Did I happen to mention I’m imPRESSED?

The PressEd Conference (still going as I’m putting this together) was today. It’s a conference on Twitter, about WordPress in education. No travel. No expenses. No fees. Maybe not even pants.

THERE WAS SO MUCH COOL STUFF. Take the rest of the year off and sort through #pressedconf18.

What better way to collect the stuff from my presentation than on WordPress (good suggestion, fellow #pressedconf18 presenter, Alan Levine!)

Here’s my collection of tweets about Ontario Extend.

Walk, Don’t Run

There’s no rush. This week in the Ontario Extend East Cohort, we are kicking off the Collaborator Module. There’s a high chance that you haven’t finished any of the previous three, yet. And that is more than okay.

This is open learning. The modules are there waiting for you to go back to them when you’re ready.

One of the main influences to the way Ontario Extend was built and is delivered is something called ds106, a wonderful community/way of life. Its content is all about Digital Storytelling and it grew out of a more traditional course at the University of Mary Washington. We mimic much of the structure of ds106 through our Daily Extend, Activity Bank and, most importantly, by asking participants to house their work on their own domains so that we can syndicate it all to our Domains page. In fact, the person that built the WordPress themes that make this happen for ds106, did it for us, too! Thanks CogDog! What a treat it was for me to get to work directly with him.

source: I think Giulia Forsythe made this image. Update: YUP https://www.flickr.com/photos/gforsythe/7016352577/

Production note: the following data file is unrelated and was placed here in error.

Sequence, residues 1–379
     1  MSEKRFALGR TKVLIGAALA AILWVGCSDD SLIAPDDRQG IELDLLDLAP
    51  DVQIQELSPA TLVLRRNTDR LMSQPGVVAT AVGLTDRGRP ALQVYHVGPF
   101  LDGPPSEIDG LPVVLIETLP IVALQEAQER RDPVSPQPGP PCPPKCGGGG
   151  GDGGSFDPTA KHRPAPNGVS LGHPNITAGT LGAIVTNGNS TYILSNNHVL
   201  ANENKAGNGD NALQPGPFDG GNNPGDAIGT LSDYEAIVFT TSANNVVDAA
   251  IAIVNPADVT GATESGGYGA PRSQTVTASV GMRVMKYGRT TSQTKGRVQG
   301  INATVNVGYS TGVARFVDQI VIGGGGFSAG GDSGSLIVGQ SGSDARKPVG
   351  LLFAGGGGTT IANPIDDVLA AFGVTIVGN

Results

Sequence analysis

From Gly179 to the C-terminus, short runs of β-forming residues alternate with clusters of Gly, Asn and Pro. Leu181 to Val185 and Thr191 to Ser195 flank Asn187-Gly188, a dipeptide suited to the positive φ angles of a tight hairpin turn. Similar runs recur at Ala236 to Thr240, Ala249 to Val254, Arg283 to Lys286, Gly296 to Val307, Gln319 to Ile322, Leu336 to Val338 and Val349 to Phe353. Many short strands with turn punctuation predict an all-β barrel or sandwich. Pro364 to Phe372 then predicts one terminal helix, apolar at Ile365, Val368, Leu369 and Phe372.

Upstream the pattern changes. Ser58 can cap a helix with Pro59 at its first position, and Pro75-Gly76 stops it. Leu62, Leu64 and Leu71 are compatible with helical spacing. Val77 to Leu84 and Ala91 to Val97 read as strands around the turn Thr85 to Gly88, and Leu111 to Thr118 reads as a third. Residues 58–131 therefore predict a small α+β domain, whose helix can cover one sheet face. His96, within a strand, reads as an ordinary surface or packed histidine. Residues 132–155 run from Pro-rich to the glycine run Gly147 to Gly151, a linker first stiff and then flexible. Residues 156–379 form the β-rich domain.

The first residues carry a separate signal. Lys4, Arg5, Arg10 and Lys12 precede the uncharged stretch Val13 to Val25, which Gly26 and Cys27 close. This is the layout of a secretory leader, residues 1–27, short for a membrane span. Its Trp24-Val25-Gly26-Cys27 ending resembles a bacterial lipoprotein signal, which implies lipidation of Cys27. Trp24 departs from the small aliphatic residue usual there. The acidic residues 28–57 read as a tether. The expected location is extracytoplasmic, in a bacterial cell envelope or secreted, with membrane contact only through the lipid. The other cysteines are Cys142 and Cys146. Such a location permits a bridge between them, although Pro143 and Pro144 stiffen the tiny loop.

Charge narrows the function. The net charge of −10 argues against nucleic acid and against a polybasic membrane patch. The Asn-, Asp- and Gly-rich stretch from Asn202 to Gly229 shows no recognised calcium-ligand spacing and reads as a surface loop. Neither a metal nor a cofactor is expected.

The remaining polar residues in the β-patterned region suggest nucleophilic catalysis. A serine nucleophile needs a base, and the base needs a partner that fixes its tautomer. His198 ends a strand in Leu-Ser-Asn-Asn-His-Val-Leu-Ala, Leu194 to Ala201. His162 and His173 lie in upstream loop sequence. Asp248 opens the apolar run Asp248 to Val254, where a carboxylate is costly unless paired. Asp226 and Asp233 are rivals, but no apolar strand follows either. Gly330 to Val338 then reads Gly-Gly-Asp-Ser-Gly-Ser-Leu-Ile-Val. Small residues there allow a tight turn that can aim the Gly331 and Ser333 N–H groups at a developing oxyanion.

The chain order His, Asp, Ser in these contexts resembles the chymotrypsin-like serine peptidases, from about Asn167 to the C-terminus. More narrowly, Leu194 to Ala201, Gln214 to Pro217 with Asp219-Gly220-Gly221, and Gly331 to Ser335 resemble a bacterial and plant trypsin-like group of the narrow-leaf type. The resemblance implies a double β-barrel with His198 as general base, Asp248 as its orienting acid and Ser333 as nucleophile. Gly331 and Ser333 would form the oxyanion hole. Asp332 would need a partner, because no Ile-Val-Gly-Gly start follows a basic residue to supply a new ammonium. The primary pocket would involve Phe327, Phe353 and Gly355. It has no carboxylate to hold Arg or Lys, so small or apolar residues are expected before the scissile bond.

I started in on ds106 as an open participant in Fall of 2015 and there are still a couple modules I haven’t been through yet. I have every intention of doing so. But because I am a part of that community (#ds1064life), I feel no rush to get through it all. I don’t want to move on. I moved in.

I’m lucky to have a nice and healthy PLN and I owe its inception to ds106. I hope that what we have tried to bring from ds106 to Ontario Extend can do similar things for you. DS106 contributes to a PLN simply due to asking that everything we do be in the open. So I got to know the others involved in it. I followed others liberally on Twitter, curated a blog roll, read those blogs, commented on them. Following someone who interests you gives you a glimpse into their network, too. Many of the leaders in ed-tech and pedagogy whose thinking excites and influences me now are only known to me because I saw that they were followed by other ds106ers and I checked them out. As you make new connections to people who interest you, their influences must be interesting, too. As you can see (look at the sidebar to the right if you’re on a desktop/laptop) by the not-at-all frightening doll/friend who authenticates me as an official character of the Internet, the connections themselves can be very interesting.

We hope that, by being involved in Extend, you can expand and super charge your PLN. My advice, should you want to heed it, is just to start walking towards the things that interest you and get to know the people there. No running.

So head on over to the Collaborator module and let the wonderful creators of it (Michel Singh from Collège La Cité and Joanne Kehoe of  McMaster University) guide you to start pumping up your PLN. See you there!